Hybridized Technology

I’m noticing a trend with cell phone companies – combining multiple devices into one. For instance, the most popular hybrid right now is the cell phone combined with an mp3 player. Some of the newer devices, though, are also able to function as a PDA, portable television, and web browser. This is all well and good, I suppose, but I have wondered often just how practical these kinds of hybridized solutions really are. Sure, there’s a certain efficiency to having all your favorite digital devices combined into one. It is obviously easier to handle just one device instead of several. The rub comes in, though, when the user wants to switch between functions or use several functions at once. I’ve never used one of these, so again I wonder, how well does this work?

Personally, I think I’d be more inclined to just go ahead and keep all my devices separate. For one thing, I can’t imagine trying to surf the web on that tiny little screen. Same goes for watching my favorite TV show. And I _would_ like to get an mp3 player eventually, but I think I’d rather have it as a standalone device ((I’ve actually been eyeing the iPod Nanos lately.)) – something about having the largest hard drive possible appeals to me and I haven’t heard yet whether a cell phone/mp3 player can rival the 8-20 GB hard drives of well-known standalone devices.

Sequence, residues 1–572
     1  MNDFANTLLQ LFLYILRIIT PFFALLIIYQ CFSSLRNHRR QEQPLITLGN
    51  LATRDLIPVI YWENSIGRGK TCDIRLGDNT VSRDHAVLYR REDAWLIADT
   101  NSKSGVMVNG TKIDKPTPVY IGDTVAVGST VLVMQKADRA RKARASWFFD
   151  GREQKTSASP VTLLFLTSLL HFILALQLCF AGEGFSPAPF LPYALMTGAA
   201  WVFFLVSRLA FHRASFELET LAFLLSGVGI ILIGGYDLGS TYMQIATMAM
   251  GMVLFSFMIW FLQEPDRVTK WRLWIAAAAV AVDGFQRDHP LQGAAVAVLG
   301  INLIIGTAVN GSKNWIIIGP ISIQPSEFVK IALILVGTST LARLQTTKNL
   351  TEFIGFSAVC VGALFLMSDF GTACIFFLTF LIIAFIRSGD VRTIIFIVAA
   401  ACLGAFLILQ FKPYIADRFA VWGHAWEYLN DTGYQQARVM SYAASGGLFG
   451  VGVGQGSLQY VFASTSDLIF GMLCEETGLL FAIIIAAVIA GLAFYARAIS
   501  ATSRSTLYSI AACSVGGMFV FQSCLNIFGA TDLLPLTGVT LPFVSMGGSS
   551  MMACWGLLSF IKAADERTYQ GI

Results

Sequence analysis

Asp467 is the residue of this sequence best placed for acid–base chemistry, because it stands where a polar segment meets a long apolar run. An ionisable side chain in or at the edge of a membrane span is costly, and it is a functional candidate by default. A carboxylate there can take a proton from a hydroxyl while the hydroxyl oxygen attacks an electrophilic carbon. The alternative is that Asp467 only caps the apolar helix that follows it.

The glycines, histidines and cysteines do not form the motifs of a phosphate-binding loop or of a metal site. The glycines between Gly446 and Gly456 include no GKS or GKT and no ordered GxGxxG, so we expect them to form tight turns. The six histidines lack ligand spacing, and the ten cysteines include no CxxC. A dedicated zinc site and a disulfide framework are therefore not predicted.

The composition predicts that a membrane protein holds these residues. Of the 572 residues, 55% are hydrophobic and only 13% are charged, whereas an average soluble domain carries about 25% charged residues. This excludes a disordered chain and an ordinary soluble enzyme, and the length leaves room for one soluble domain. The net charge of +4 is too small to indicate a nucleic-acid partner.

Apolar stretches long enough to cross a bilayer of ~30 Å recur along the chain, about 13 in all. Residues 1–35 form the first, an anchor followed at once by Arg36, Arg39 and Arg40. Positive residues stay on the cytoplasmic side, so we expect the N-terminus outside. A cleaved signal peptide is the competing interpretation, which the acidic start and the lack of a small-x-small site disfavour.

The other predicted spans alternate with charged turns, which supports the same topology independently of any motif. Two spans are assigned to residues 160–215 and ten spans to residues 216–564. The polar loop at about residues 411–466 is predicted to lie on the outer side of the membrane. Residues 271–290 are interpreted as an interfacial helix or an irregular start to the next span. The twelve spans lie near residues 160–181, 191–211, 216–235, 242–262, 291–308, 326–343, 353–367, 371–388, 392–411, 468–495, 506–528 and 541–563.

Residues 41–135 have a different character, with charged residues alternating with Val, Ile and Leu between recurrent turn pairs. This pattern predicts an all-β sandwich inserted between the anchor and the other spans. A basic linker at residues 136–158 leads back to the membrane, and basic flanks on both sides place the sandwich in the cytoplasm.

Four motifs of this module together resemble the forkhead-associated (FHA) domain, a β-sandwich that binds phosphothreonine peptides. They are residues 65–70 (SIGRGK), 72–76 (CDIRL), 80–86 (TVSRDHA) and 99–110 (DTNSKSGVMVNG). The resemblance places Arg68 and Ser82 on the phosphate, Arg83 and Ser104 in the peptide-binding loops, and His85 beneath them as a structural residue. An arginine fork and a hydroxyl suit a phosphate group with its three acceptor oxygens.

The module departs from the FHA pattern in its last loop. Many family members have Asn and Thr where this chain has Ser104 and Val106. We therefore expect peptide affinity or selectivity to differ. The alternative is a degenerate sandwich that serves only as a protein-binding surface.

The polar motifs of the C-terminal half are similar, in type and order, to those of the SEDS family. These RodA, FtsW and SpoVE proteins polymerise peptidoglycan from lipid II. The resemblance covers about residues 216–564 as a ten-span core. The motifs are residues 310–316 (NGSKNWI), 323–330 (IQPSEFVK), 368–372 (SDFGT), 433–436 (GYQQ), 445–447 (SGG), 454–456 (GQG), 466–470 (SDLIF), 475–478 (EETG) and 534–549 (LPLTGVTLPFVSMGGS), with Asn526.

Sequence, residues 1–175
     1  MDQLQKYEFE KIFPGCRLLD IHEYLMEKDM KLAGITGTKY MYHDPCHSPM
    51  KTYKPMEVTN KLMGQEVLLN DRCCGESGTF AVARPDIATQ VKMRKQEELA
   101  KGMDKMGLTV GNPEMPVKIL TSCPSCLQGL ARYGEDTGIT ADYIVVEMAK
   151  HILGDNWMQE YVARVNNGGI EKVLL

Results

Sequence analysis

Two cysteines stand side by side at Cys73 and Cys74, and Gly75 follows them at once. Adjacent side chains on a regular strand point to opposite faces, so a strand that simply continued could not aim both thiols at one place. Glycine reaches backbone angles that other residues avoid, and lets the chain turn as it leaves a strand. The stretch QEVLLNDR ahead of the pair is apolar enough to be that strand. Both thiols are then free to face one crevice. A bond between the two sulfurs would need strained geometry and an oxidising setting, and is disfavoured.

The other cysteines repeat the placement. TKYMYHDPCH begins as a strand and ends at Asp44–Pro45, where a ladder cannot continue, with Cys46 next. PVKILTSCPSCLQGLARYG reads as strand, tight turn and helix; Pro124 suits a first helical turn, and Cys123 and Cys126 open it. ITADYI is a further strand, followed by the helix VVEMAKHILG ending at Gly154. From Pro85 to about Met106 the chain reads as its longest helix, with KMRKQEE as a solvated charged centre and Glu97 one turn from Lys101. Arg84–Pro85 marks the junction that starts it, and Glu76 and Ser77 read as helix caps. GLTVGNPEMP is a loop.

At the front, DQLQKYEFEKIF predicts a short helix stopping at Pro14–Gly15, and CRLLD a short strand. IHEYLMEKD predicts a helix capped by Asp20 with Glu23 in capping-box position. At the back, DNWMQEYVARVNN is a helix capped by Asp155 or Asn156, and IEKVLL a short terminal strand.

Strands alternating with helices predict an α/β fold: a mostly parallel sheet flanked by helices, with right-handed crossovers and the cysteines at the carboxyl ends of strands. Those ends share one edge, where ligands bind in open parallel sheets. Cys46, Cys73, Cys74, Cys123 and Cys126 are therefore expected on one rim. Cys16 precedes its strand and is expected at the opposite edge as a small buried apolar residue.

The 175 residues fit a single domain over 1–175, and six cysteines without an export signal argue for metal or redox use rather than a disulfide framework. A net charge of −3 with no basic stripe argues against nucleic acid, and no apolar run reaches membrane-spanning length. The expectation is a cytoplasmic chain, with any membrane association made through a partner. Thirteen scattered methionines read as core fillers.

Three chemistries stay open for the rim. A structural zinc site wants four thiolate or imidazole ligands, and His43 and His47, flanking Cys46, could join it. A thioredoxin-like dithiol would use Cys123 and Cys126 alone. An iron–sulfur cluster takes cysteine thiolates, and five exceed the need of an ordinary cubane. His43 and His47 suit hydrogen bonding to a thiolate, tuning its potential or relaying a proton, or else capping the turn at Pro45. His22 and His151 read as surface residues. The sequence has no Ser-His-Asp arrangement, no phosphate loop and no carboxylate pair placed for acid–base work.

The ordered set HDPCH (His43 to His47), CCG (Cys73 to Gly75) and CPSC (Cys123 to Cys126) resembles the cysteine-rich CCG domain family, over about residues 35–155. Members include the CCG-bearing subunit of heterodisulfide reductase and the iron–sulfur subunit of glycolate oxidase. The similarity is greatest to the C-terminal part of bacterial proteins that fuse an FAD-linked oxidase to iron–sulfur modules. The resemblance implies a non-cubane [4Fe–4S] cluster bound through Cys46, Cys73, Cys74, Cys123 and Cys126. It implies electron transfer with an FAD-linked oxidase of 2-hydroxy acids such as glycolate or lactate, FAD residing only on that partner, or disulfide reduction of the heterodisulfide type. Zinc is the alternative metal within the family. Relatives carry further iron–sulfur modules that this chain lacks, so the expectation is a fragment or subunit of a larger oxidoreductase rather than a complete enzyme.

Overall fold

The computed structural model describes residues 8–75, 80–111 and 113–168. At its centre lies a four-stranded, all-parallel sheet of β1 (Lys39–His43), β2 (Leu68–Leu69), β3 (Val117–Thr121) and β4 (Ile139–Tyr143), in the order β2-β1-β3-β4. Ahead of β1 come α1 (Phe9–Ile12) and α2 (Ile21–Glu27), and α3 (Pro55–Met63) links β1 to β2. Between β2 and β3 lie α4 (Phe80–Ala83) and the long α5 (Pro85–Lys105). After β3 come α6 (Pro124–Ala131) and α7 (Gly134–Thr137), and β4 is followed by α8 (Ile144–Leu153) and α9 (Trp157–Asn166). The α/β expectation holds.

For most people I suspect that hybrid technology like this is a dream come true and is, in fact, a very practical solution. ((It’s also good for the cell phone companies as a way to make a little more money from their customers.)) Of course, I don’t own a cell phone and really don’t want one, so keeping everything separate only makes sense. I might think differently if I actually had a cell phone, but I doubt it.

Have anything to add to the conversation?